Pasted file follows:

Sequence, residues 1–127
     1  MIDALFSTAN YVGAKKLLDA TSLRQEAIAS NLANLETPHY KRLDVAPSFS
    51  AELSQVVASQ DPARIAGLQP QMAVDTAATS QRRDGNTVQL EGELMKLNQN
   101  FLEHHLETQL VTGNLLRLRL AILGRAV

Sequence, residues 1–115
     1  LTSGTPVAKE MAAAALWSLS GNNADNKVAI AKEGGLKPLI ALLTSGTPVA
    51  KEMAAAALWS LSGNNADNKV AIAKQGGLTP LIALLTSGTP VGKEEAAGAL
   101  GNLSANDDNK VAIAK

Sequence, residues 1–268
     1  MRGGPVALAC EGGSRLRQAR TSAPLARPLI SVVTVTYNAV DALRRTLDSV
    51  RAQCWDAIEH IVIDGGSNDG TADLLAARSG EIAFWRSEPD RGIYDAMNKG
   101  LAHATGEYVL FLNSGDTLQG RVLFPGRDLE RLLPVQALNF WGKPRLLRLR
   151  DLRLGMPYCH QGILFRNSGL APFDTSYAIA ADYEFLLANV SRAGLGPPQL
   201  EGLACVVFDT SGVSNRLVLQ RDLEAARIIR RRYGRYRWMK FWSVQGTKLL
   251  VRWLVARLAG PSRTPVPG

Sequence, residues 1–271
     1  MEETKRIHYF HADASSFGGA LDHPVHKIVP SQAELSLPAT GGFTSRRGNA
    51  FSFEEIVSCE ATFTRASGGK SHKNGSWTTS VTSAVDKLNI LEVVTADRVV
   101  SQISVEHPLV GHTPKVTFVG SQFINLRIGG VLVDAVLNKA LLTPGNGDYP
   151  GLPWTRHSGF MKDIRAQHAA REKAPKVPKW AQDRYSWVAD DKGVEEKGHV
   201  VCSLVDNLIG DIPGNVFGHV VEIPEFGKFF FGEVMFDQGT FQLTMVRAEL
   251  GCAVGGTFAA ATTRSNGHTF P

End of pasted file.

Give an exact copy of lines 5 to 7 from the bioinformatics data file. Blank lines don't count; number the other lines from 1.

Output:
Sequence, residues 1–115
     1  LTSGTPVAKE MAAAALWSLS GNNADNKVAI AKEGGLKPLI ALLTSGTPVA
    51  KEMAAAALWS LSGNNADNKV AIAKQGGLTP LIALLTSGTP VGKEEAAGAL